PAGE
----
Turn On the Bright Lights, an Album by Interpol. The songs are darker, more atmospheric, with ethereal soundscapes and a greater focus on Paul's vocals for a lot of the songs. The album provides a safe haven for feelings of hopelessness and despondency, while not sticking to any formal comfort zone. The band arrives, fully formed, in 2002 with a sweeping update on post-punk.
R ediscovering Interpol’s 2002 debut, Turn on the Bright Lights, is a stark reminder of the band’s disappointing trajectory over the past 10 years.Interpol started out as one of the more unique bands to come out of the Y2K post-punk revival. Interpol review – joyful look back at noughties New York rock 5 out of 5 stars. Find helpful customer reviews and review ratings for Turn On the Bright Lights at Amazon.com.
Turn On The Bright Lights begins with the nearly all-instrumental Untitled and takes off from there. Interpol Turn on the Bright Lights (Matador) The musical recycle from 25 years ago has finally made its way to the edge of the Eighties, from the southern Zeppelinism of … Some stars of the gear world have made a name for themselves by discerning a gap in the market and driving hard into it. As Interpol's shining moment, this LP has left a sizable legacy that deserves your time and attention.
When compared to the engineered perfection of Turn on the Bright Lights, it seems that at some point Interpol was tamed or reined in by somebody or something. This was obviously ripped/low quality audio they just pressed on vinyl to reissue. OLE 993-2; CD). For Robert Keeley, however, it was a love of audio electronics luring him toward the thing he was called to do – and finding he belonged there all along. These people go into every Interpol album wondering if this will be another "Turn on The Bright Lights", it isn't. Favorite Tracks: The knock against Interpol is one of diminishing returns. The sound of the album really matches the cover with this stellar and bright aesthetic, present through the whole album, making it a really cohesive experience. The 10th Anniversary Edition, comes in a super deluxe hardbound book package with 44 pages of photos, ephemera, and liner notes. Debut record Turn on the Bright Lights earned raves from both upstart web magazines. Some stars of the gear world have made a name for themselves by discerning a gap in the market and driving hard into it. For such a dark and brooding record, Turn on the Bright Lights is also unexpectedly thrilling, coasting on jagged minor-chord guitar melodies and huge emotional swells with a ton of high points along the way. The debut from Interpol is 50 minutes of consistently solid, sometimes fantastic, sometimes breathtaking genius work.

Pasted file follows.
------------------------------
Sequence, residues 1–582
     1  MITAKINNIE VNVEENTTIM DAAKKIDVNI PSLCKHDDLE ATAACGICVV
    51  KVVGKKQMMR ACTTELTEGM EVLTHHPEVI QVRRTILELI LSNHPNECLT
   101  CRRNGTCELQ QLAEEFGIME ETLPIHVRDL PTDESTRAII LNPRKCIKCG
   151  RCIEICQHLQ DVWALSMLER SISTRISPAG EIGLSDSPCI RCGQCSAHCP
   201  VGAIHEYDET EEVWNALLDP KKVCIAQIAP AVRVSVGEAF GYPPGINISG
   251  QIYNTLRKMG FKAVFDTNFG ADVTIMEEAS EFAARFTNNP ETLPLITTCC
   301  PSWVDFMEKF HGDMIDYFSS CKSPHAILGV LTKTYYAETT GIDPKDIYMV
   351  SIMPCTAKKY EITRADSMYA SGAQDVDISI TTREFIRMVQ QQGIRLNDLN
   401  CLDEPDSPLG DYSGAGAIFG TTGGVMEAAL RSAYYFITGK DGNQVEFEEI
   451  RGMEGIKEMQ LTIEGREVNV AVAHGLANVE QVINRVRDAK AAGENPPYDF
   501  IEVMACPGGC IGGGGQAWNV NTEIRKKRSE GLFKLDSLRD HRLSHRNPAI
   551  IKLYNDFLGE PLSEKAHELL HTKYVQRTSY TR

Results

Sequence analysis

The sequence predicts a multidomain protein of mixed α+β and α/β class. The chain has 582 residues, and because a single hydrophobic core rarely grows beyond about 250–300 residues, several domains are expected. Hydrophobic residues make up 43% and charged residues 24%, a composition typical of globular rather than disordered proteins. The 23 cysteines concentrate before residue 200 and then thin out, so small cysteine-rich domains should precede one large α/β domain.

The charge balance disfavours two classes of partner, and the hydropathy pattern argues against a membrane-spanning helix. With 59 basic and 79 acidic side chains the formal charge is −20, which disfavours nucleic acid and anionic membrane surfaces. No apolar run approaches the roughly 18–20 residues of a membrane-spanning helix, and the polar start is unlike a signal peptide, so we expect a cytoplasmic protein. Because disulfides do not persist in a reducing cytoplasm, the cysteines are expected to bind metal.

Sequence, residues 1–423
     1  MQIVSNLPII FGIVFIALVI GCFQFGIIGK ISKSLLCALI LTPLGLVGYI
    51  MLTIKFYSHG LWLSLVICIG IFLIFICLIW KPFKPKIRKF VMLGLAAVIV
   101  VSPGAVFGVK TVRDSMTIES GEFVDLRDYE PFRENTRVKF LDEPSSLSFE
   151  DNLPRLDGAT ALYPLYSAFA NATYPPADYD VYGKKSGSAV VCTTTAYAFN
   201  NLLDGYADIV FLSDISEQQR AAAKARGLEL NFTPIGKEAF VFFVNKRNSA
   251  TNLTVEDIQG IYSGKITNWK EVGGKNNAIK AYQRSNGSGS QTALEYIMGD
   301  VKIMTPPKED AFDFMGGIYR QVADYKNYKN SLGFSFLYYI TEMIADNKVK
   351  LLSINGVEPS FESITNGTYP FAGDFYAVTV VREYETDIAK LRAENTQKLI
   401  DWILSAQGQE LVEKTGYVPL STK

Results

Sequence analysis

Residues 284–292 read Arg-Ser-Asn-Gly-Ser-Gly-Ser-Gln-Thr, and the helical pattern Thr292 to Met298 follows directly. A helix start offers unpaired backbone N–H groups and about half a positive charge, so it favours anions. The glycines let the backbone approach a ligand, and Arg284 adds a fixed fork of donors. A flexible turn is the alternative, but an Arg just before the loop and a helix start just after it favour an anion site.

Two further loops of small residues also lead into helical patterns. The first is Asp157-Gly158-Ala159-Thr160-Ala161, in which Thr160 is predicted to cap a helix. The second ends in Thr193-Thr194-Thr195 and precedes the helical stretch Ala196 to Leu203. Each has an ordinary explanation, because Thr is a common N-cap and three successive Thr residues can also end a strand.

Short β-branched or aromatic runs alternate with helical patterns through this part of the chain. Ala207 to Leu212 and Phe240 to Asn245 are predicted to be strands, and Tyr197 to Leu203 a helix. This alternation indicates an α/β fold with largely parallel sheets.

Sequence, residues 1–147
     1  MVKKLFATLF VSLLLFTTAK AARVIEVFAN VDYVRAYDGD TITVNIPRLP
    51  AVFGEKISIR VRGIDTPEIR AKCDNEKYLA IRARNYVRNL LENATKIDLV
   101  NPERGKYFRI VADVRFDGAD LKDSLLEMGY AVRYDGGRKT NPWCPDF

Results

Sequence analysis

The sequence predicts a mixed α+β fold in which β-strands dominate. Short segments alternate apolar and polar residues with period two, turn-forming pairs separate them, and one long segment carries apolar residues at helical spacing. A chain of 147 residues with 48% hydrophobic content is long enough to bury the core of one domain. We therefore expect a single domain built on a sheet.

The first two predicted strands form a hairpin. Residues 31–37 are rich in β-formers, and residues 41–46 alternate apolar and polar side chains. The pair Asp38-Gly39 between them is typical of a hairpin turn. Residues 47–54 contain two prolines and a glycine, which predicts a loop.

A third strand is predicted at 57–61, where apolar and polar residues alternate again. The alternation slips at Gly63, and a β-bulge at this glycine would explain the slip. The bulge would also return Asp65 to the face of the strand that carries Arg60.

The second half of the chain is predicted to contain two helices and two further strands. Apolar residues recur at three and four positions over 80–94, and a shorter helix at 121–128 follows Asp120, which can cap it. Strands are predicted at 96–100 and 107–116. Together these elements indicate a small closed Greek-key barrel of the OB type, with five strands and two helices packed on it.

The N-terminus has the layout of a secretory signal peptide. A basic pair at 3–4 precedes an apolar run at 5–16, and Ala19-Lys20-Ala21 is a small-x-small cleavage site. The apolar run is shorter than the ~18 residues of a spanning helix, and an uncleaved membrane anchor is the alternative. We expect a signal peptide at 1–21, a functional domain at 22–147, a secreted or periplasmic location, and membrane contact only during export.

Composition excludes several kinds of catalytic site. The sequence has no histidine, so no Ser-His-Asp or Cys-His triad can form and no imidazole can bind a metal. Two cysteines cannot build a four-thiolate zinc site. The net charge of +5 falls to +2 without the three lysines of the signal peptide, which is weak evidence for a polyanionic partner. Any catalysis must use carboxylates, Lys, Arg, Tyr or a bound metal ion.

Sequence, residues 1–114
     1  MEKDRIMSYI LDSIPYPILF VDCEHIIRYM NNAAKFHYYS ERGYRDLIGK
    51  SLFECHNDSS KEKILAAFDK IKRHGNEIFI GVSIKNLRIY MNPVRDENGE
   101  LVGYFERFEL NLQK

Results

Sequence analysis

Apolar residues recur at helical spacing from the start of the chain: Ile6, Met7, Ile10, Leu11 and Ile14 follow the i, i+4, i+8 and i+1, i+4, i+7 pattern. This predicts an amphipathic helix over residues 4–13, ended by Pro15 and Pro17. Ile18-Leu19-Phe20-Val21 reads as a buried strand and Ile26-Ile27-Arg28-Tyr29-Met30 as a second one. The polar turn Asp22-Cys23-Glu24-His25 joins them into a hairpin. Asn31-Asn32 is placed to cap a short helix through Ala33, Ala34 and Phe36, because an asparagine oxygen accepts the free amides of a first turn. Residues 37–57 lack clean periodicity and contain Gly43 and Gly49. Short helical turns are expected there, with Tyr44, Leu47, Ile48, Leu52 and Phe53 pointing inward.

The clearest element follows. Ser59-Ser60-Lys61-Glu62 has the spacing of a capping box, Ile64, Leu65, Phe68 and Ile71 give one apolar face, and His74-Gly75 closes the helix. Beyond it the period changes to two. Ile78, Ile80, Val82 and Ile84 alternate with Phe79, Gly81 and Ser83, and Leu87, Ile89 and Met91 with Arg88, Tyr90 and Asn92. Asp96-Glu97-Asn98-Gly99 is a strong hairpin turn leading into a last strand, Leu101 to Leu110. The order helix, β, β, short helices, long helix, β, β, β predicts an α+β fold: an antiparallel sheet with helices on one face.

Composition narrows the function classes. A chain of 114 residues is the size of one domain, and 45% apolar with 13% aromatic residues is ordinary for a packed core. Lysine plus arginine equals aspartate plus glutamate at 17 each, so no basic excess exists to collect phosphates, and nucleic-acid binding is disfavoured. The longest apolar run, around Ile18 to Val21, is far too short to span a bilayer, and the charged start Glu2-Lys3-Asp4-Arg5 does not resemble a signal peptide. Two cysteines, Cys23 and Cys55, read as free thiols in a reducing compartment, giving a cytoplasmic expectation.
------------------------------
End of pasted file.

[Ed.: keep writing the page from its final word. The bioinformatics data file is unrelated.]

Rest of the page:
Released 11 December 2012 on Matador (catalog no. Genres: Post-Punk Revival. Turn On the Bright Lights is a modern classic.
However, throughout their debut Turn On the Bright Lights, there is a constant pulsating rhythm. Read honest and unbiased product reviews from our users. Interpol's debut album, Turn On the Bright Lights, is one of those mysteriously great albums that landed in precisely the right place at the right time: early-2000s New York City. On the other side of the spectrum, we have Interpol, who are truthfully closer to seminal goth-post punkers Joy Division than to Funkadelic and their ilk. It seems easy, today, to name standout albums of 20 years ago; but ones from just a decade past can be few and far between. But that's alright, because it isn't trying to be. Untitled is a great song that plays with … Includes 17 bonus tracks comprised of unreleased material and a DVD with all three music videos, plus live footage from May 2000 at the Mercury Lounge, New York, and September 2002 at the Troubadour, Los Angeles. "Turn On The Bright Lights" is a simple but effective post-punk/indie rock album.
... Have to turn volume way up to hear it and there’s no warmth or texture to the sound.
Turn on the Bright Lights, despite its dark backdrop, is a deeply sentimental experience.
Soon, Interpol found itself opening for bands like U2 and the Cure, exposing the music to an even wider audience. For Robert Keeley, however, it was a love of audio electronics luring him toward the thing he was called to do – and finding he belonged there all along.